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Learn to read crochet patterns for beginners
If you are new to crochet, figuring out how to read a crochet pattern can be a little overwhelming. Perhaps to the point you feel too intimidated to try.
I am going to teach you to master reading them even if you are new to crochet and knit.
Table of Contents
I was a chef before I became a crochet designer and I liken patterns to reading recipes. They are written instruction to get you to a completed item. Roasting a chicken, baking cupcakes or crocheting a cardigan, whatever it is. The ingredients and instructions get an end result.
As with recipes, some patterns are more complicated than others but should be identified by the designer which skill level they attribute the pattern to.
What is a crochet or knit skill level and which am I?
See this quick guide to crochet skill level
Level 1 is a beginner level. This is a crafter in early stages or one that hasn’t progressed past the most basic 3-5 stitches. No garments that require shaping or colorwork. Dishcloths, simple shawls are examples of what can be made with basic stitches.
Level 2 is more of an experienced beginner. You know the basic stitches like single crochet, half double crochet and double crochet along with 2-3 more such as front or back post stitches or a simple cluster stitch and some seaming. You’ve worked quite a few projects (30+) of varying sizes and worked with different types of yarn and many sizes of hooks. Some simply designed garments may be included in this category.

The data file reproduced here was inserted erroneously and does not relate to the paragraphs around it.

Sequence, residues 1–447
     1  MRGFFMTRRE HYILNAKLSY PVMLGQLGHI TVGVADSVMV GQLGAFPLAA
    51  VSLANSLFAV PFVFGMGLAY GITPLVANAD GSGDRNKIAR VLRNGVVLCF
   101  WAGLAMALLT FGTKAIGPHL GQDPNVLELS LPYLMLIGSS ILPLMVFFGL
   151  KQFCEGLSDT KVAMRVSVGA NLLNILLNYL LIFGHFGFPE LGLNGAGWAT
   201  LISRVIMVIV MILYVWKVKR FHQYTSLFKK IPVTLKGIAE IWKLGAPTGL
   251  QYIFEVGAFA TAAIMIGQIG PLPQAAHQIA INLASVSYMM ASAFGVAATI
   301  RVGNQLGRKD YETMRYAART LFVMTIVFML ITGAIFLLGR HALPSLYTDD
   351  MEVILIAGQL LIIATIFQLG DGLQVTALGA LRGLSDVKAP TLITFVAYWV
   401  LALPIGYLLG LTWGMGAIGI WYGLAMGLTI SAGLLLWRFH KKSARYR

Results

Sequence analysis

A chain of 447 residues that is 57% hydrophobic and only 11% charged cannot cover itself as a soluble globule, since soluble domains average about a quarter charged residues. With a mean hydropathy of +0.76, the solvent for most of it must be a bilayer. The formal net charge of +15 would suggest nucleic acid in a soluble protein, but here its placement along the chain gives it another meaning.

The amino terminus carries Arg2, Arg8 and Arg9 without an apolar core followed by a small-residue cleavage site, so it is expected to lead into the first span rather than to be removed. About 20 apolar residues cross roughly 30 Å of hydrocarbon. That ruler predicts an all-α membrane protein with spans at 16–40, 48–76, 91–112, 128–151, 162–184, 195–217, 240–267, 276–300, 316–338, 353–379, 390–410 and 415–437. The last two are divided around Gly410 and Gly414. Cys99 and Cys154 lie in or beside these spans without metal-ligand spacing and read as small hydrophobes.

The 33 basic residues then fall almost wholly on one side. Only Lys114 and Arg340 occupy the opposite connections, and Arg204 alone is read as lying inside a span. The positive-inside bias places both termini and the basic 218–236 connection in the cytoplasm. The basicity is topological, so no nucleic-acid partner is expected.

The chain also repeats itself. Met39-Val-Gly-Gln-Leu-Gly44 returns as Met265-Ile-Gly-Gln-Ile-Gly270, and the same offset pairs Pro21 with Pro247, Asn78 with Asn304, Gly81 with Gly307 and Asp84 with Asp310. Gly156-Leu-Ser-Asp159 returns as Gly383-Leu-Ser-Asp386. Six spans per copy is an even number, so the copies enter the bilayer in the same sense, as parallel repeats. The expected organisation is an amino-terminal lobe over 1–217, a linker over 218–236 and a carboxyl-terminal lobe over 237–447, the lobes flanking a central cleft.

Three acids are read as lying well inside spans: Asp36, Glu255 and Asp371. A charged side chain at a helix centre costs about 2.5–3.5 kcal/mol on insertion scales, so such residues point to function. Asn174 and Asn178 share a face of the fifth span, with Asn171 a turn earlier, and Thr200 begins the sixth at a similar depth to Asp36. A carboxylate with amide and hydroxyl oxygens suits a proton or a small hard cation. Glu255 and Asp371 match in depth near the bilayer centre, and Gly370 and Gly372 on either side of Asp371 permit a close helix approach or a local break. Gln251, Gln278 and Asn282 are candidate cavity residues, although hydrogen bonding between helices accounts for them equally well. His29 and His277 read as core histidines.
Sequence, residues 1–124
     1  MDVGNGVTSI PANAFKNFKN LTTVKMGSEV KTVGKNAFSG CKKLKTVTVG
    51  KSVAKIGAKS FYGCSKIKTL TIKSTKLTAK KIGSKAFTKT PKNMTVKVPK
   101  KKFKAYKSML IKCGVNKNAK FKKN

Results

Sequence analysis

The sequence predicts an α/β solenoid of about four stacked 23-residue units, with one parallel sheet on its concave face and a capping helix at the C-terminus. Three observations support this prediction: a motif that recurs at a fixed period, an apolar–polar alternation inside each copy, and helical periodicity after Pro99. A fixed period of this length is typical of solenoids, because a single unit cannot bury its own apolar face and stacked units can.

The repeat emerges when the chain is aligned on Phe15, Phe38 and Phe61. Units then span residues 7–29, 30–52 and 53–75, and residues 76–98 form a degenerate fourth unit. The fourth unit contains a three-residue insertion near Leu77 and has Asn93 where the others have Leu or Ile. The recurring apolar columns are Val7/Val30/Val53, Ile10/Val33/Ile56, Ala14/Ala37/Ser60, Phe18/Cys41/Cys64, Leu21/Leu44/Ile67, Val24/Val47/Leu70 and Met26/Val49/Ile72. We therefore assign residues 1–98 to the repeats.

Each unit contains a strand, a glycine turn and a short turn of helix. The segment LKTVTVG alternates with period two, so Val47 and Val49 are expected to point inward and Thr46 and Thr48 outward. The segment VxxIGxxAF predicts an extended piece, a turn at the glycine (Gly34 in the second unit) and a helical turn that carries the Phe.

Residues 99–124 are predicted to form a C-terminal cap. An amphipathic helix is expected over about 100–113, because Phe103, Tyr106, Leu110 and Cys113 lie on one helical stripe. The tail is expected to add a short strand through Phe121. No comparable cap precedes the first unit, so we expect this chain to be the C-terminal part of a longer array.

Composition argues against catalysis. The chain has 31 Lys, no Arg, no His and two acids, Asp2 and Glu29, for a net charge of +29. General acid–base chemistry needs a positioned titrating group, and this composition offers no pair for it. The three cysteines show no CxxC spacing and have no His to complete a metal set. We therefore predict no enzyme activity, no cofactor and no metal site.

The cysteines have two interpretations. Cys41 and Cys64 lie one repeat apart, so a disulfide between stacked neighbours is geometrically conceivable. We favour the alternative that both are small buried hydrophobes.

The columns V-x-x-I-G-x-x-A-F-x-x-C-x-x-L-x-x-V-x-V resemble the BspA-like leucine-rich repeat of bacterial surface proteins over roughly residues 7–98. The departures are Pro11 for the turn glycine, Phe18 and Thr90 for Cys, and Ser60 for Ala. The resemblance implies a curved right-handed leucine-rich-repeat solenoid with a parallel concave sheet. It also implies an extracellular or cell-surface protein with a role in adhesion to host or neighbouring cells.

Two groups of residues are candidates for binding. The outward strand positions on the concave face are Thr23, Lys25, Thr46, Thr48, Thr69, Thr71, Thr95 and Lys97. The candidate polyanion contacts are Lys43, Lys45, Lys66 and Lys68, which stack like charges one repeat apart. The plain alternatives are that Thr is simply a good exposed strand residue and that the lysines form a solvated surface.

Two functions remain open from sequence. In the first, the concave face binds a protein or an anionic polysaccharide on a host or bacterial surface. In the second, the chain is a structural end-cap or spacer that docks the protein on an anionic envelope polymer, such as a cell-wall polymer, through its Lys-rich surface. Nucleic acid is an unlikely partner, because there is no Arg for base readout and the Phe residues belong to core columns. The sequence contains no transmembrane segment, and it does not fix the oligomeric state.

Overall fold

Level 3 gets into intermediate stitches. These are more complex techniques working in rows below, different stitches in the rows, etc. You know how to do shaping of garments. Although if there is a video tutorial and you’re a very experienced beginner and want to stretch your skills I say go for it. We learn by doing.
Experienced level is the most advanced level. I will quote here The American Crochet Association on what experienced level is:
Projects with intricate stitch sequences, techniques and dimensions; non-repeating patterns, multi colored techniques, fine threads, small hooks. Detailed shaping and refined finishing. Our interpretation of this level includes everything in the beginner, easy and intermediate levels, plus:
- Intricate stitch and row patterns, involved specialty stitches and techniques
- Multi-colored techniques (tapestry, tunisian, fair isle, intarsia)
- Dimension (multiple seams or joins)
- Projects may include: Multi-piece garments, fair isle sweater with multiple specialty stitches and techniques
I also design crochet pattern templates for other designers to use to better help layout patterns that include everything a crochet needs to make a design successfully.
How to read a crochet or knit pattern
Step 1. Get the lay of the land like you would with a recipe. What do you need to make it-a materials or supply list? What size/category yarn? How much yarn? Does it come in different sizes and if so how much yarn is needed for that size?
What size hook or needles are needed?
What is the gauge?
Is there more than one size?